Wednesday, June 15, 2011

Shame on Citigroup's Web Apps Team

This week, details came out about how identity thieves captured information for around 200,000 Citigroup customers' information. According to the New York Times article and many articles that reference it, "The case illustrates the threat posed by the rising demand for private financial information from the world of foreign hackers."

Wrong. This case illustrates the threat posed by total negligence and/or ignorance of your Web Apps and Security teams and flaws in your internal quality assurance processes. That is, if the report I read is correct (otherwise, shame on whoever else is responsible for this, and also on the dirty rotten thieves).

Sure, cyber security is a huge and growing concern. But this case illustrates the old adage (modified here to reflect scale) that an ounce of prevention is worth 200,000 pounds of cure.

URL hacking is the oldest trick in the Web apps hacker's book. To frame our discussion, we will consider the "3 A's of security":

  • Authentication: Is this user who they say they are?
  • Authorization: Is this authenticated user authorized to access the requested resource?
  • Access: Does the requested resource require authorized access only by certain authenticated users?

One common URL hacking method is known as the SQL Injection attack, where you change the URL's search parameters by inserting additional SQL commands into those parameters. This type of attack can be mitigated in your Web application (on any major Web server platform and application framework) by simply using appropriate query parameters (both on the application level and database level for added layers of security) and carfully checking escape characters, rather than simply grabbing your URL parameters and sticking them without prejudice into your SQL statements. It also helps to use a limited database user account rather than your RDBMS administrator's account (never do that!!). By limited, I mean that the database user account can only perform CRUD (Create, Read, Update, Delete) functions or less (preferably just Read), and only on specific tables for most access.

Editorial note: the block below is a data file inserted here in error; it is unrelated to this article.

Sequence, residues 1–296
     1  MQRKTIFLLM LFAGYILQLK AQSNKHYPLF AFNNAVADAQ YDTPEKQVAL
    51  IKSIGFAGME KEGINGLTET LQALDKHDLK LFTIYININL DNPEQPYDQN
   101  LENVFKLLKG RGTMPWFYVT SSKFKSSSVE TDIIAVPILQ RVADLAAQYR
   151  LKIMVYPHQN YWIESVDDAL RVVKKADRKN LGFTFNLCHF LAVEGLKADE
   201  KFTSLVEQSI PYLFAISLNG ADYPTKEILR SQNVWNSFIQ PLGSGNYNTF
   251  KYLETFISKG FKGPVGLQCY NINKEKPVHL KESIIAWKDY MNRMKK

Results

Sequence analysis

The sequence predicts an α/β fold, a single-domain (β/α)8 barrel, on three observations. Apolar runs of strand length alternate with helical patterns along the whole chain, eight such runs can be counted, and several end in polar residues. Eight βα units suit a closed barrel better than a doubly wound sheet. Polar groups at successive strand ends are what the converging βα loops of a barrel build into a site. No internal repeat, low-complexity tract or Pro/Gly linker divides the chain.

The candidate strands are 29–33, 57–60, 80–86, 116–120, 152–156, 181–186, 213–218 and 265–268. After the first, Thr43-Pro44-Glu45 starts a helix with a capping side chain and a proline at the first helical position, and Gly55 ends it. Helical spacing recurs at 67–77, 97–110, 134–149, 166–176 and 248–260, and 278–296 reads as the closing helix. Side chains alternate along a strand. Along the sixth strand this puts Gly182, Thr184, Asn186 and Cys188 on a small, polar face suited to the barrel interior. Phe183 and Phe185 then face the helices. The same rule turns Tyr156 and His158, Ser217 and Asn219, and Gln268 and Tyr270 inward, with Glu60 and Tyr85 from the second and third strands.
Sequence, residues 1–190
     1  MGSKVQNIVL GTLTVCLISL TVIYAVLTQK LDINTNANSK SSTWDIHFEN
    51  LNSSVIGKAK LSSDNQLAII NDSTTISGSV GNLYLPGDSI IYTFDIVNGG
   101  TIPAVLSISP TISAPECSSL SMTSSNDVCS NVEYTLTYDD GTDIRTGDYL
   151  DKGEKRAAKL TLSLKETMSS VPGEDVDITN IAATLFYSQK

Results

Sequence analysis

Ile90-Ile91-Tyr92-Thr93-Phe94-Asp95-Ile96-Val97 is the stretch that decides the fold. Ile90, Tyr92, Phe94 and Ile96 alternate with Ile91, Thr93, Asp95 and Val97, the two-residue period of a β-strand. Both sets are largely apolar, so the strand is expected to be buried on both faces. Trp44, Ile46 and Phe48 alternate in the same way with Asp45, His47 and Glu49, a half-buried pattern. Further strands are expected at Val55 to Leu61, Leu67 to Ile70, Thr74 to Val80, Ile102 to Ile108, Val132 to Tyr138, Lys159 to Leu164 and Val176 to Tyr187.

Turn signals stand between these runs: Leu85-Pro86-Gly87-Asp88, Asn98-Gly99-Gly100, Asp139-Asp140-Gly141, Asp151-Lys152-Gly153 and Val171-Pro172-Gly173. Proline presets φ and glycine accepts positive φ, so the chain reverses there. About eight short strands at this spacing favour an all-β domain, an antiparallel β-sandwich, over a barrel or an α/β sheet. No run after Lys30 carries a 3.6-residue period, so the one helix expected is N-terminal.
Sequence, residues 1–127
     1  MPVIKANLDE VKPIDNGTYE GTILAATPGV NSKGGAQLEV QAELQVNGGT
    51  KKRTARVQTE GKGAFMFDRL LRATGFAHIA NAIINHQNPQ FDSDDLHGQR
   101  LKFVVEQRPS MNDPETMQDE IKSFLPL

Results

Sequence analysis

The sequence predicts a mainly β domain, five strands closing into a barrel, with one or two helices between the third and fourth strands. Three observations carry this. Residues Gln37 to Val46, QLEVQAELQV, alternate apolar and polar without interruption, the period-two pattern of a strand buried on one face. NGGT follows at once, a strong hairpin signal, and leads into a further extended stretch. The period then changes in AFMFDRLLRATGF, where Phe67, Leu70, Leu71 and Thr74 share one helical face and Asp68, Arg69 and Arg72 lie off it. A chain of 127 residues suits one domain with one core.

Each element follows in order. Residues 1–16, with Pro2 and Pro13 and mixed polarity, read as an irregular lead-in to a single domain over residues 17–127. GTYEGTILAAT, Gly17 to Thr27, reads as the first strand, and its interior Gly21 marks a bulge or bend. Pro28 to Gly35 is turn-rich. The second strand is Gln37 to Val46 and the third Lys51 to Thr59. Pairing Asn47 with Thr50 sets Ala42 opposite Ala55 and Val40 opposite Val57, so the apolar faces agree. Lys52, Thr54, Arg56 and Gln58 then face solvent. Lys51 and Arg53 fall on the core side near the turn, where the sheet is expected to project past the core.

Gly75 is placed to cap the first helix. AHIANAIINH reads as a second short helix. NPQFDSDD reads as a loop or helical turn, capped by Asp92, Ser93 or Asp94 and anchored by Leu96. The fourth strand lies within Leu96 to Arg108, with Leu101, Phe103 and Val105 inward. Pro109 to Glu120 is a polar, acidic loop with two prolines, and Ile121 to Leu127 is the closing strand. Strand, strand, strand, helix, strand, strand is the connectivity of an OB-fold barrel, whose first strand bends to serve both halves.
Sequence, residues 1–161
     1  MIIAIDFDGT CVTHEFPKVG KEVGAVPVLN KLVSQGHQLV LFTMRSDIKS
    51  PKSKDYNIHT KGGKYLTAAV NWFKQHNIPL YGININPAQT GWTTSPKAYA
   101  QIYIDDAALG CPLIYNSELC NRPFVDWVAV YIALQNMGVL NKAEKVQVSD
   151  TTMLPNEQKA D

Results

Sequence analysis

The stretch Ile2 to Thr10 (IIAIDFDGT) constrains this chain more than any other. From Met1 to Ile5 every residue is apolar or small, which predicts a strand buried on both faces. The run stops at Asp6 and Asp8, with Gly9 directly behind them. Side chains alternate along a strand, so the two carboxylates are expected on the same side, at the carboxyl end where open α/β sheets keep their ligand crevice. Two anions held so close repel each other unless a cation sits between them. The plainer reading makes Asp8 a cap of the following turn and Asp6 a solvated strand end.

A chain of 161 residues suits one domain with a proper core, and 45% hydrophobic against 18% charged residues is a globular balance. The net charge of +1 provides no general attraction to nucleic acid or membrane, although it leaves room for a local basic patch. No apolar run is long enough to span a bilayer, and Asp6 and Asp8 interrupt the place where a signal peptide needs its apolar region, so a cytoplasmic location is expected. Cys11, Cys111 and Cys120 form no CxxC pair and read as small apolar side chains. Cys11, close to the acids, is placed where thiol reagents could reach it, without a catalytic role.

How do the "3 A's of security" apply here? SQL injection attacks exploit the failure of a Web application's architecture to properly control access required to modify SQL commands and/or authorization for the database user employed by the application.

In the case of the Citigroup exploits, the attack is much simpler to carry out—and to prevent. If this story is reported correctly, the hackers just had to change an ID number in the URL to get to other customer accounts. This would mean that Citigroup's application page execution process goes something like this:

  • Receive request.
  • Is the user authenticated (logged in)?
    • If yes, proceed (probably handled by checking a Session object or client Cookie).
    • If no, redirect to login form.
    No problem here...
  • What is the user's account number? Grab it from the URL!
    BAD move. Here, access (is it restricted?) and authorization (is this user authorized?) should be checked.
  • Return the account information the user asked for (regardless of who the user actually is).
    Not a planned step, but it is the result.
After a user has been authenticated, the account number could be stored temporarily in a secured session object on the server. And in the case of something like a bank account number, it should probably be a GUID reference ID that is associated on the database level with the user's account, and not the actual account or credit card number. Granted, for very large enterprise Web apps, you also have to consider the implications of multiple Web front-ends, session hand-off, etc., but additional complexity just means additional needs for security. Also authorization should be checked for sensitive information with each and ever request (including AJAX requests), even if only at the server's Session scope. You should NEVER EVER pass and receive sensitive data via the URL or GET requests.

No level of SSL encryption, firewall hardening, and password complexity will make one iota of difference when you allow the passing of account ID by URL. This is equivalent to having a Citibank branch with dozens of armed security guards, biometric security access, and 12" thick bullet-proof glass guarding the bank, but having your vault door open and giving customers a skeleton key to all other customer accounts. You might as well put a sign that says "Security is on the Honor System."

Citigroup is a very large enterprise with a very large I.T. infrastructure (I know because I've been perusing their job postings for SharePoint and ASP.NET architects). Somewhere, the bureaucracy that is in place to ensure quality and security has broken down and actually prevented them from seeing this very simple but obviously damning security hole.

My professional advice to Citigroup would be to reexamine your Application and Enterprise Architects and your Security auditors. This should have jumped out at them long before it became a nightmare for both customer and corporation.

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